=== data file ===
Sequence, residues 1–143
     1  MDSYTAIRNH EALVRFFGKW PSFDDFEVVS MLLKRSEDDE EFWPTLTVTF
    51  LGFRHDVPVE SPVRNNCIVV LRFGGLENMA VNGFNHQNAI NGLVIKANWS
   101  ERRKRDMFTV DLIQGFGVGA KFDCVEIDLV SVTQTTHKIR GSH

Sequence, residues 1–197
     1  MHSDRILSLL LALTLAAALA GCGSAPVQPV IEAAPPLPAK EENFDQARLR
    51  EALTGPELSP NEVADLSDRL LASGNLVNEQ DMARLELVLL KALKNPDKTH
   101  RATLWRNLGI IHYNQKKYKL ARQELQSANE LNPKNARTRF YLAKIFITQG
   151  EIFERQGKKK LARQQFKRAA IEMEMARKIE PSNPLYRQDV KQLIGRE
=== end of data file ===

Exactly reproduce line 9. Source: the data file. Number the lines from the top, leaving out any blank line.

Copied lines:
   151  EIFERQGKKK LARQQFKRAA IEMEMARKIE PSNPLYRQDV KQLIGRE